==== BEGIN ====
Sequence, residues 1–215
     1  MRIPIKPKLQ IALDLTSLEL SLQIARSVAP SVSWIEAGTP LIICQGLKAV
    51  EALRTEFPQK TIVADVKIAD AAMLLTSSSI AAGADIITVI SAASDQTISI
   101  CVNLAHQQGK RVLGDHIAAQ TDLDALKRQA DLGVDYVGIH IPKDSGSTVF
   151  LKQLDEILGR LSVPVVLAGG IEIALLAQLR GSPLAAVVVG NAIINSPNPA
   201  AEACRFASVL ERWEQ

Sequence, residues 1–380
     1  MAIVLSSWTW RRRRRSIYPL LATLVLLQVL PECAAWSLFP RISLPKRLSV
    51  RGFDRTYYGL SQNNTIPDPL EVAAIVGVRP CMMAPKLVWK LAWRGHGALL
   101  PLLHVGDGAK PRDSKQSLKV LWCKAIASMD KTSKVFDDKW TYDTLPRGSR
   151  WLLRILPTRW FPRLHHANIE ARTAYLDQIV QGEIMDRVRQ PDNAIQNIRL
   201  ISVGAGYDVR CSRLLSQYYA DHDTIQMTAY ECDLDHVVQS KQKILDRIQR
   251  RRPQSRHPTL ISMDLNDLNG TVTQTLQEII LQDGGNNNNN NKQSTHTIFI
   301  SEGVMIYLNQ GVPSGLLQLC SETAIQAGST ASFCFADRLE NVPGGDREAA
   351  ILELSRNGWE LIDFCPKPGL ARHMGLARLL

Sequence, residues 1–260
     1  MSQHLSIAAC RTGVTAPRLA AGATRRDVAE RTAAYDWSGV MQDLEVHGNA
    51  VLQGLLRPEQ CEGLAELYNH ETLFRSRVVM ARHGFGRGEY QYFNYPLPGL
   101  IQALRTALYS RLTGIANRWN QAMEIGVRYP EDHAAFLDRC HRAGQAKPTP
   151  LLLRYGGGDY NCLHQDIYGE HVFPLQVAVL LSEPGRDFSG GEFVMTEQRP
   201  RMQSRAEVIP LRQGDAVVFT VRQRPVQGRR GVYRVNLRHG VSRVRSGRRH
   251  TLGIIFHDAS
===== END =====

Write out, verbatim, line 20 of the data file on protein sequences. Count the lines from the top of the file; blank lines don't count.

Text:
   151  LLLRYGGGDY NCLHQDIYGE HVFPLQVAVL LSEPGRDFSG GEFVMTEQRP